Warm-season, summer annual
Stolon/rhizome/roots No stolon or rhizome; stem stout, branched and green to purple in color; thick, shallow and extensively branched taproot system
Other common names: Jamison-weed, jamestown-weed, jamestown lily, thorn-apple, stinkwort, stinkweed, mad-apple, trumpet plant, loco weed, angel’s trumpet, devil’s, fireweed, dewtry, apple of Peru
Crop and Soil Environmental News, April 2004
Jimsonweed – (Datura stramonium L., Synonyms:Datura tatula L.)
Seed capsule covered with stiff prickles
South Dakota weeds. 1975. Agric. Ext. Serv. South Dakota State University. Pub. p. 154. South Dakota State Weed Control Commission.
Inflorecence Flowers are large and trumpet or funnel-shaped (tubular), white to pinkish, borne singly on short stalks in the axils of branches, are attractive and fragrant; fruit are a spiny egg-shaped capsule covered with short, sharp spines; when the fruit is ripe the pods burst open splitting into 4 segments and scatter numerous poisonous black, kidney-shaped seeds.
Jimson weed’s white to purple blooms are fragrant at night, attracting moths and other nocturnal pollinators, a common trait in white-bloomed plants. The rest of the plant, however, is stinky! Crush and sniff the oaklike leaves, and you’ll understand why domesticated and wild animals avoid eating this plant—it smells a bit like feet. Indeed, accidental poisonings tend be more common among humans than among other animals.
The Weed of the Month series explores the ecology and history of the common wild plants that most gardeners consider weeds.
Browse the Weed of the Month archives >
Jimson weed (Datura stramonium) is a beautiful, witchy plant that begins blooming in late summer and continues through the first frost. A member of the notorious nightshade family, its more famous cousins include tomato, eggplant, pepper, tobacco, and potato. Most members of this plant family are poisonous, and jimson weed is no exception. All parts of the plant are toxic, most particularly the seeds. Potent amounts of alkaloid compounds are present, which potentially cause convulsions, hallucinations, and even death if ingested. And as climate change increases the amount of carbon dioxide in the air, studies have found that the toxicity of plants like jimson weed only increases.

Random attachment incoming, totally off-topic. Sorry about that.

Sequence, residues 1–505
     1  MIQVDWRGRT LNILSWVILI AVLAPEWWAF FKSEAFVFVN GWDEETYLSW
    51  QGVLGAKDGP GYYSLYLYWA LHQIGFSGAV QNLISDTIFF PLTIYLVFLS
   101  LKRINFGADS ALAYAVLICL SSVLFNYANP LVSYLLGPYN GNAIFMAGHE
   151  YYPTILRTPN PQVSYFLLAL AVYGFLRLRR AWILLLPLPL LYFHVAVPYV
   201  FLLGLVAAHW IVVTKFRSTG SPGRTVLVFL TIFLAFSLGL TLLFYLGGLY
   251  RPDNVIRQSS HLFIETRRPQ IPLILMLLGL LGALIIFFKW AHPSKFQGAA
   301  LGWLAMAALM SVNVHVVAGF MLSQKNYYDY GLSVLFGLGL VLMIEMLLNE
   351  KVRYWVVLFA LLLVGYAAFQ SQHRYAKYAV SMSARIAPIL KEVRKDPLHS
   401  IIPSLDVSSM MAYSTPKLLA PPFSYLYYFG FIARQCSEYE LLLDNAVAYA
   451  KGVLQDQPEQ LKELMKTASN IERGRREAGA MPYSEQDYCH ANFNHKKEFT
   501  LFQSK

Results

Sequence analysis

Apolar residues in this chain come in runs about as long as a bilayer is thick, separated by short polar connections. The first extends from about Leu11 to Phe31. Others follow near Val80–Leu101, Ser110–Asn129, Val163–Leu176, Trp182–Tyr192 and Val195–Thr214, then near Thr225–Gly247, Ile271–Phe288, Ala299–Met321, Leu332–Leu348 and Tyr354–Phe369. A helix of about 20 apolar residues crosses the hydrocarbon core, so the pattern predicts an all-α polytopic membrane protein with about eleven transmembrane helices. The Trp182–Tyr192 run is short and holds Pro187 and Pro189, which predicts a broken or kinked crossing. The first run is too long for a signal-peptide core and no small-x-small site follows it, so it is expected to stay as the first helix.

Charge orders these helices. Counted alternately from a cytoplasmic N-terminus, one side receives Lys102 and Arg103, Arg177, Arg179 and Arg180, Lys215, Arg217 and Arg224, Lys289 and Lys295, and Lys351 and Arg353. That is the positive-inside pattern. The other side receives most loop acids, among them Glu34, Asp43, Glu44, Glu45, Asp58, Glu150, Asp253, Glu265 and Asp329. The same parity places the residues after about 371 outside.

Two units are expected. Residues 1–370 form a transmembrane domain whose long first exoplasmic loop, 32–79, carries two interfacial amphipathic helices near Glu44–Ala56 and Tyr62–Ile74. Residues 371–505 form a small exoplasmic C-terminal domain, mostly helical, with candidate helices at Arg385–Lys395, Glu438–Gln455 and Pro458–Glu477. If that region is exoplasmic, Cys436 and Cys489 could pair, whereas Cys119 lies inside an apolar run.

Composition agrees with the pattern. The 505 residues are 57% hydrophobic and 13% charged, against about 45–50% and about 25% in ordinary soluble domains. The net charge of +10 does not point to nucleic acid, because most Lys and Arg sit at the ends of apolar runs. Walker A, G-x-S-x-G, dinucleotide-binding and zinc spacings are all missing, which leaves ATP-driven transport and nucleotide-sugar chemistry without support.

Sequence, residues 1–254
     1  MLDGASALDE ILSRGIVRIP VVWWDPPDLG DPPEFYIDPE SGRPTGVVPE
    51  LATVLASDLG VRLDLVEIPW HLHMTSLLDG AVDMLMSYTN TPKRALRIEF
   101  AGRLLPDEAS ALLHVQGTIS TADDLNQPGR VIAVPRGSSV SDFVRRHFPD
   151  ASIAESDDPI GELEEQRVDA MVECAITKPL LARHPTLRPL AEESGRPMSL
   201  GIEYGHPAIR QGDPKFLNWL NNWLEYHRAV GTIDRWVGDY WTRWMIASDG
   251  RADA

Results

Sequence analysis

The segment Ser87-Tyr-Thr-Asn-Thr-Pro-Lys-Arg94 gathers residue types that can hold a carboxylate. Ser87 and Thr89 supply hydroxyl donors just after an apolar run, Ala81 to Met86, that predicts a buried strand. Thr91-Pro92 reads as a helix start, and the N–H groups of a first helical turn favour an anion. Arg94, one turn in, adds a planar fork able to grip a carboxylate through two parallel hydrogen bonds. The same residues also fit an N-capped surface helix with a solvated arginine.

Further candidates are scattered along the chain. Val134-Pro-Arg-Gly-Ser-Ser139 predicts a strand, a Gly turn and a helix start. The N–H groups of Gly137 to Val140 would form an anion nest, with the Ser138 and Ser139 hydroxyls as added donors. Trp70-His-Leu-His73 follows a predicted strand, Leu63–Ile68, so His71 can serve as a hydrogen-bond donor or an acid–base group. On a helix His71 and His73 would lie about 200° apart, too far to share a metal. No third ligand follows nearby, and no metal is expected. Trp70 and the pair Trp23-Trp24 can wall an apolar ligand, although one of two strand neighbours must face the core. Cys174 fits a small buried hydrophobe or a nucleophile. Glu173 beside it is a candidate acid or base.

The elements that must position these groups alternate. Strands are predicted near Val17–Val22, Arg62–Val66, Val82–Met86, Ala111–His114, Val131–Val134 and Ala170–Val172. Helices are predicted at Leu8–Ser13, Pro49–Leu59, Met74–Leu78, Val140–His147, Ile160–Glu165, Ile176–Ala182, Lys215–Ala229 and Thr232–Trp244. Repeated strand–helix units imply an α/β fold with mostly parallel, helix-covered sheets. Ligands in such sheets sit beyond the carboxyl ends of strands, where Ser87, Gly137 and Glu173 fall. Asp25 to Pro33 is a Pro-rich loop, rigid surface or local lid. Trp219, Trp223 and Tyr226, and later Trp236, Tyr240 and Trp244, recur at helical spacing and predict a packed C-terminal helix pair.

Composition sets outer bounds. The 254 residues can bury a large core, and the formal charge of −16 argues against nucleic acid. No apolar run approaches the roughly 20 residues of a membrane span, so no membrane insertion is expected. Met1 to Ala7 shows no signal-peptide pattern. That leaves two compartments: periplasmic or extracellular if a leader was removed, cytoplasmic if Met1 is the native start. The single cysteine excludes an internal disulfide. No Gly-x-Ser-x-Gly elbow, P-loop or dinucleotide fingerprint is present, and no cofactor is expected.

Though the trumpet-shaped flowers are stunning, my favorite part of the plant is the devilish-looking seedpod. The size of a Ping-Pong ball and covered in spikes, the seed capsule splits into four parts like a monster’s maw, revealing the dark brown seeds inside. In the winter you might notice its tall, dry stalks bearing the prickly seedpods, which to me look like the scepter for a demon. With all its extraordinary looks and lore, jimson weed is a fascinating plant to contemplate (but maybe not cultivate)!
The genus name Datura comes from the Hindi word for the plant, noteworthy since most botanical names are derived from Latin or Greek. The origins of the plant itself are contested—every source I checked listed a different native origin, ranging from Mexico to India, and it now grows all over the world. Not surprisingly, it has found its way into many cultural and medicinal traditions. Ayurveda, traditional Chinese medicine, and Native American shamanistic practices all employ jimson weed medicinally or ritualistically. Its seeds and leaves are used as an antiasthmatic, antispasmodic, hypnotic, and narcotic.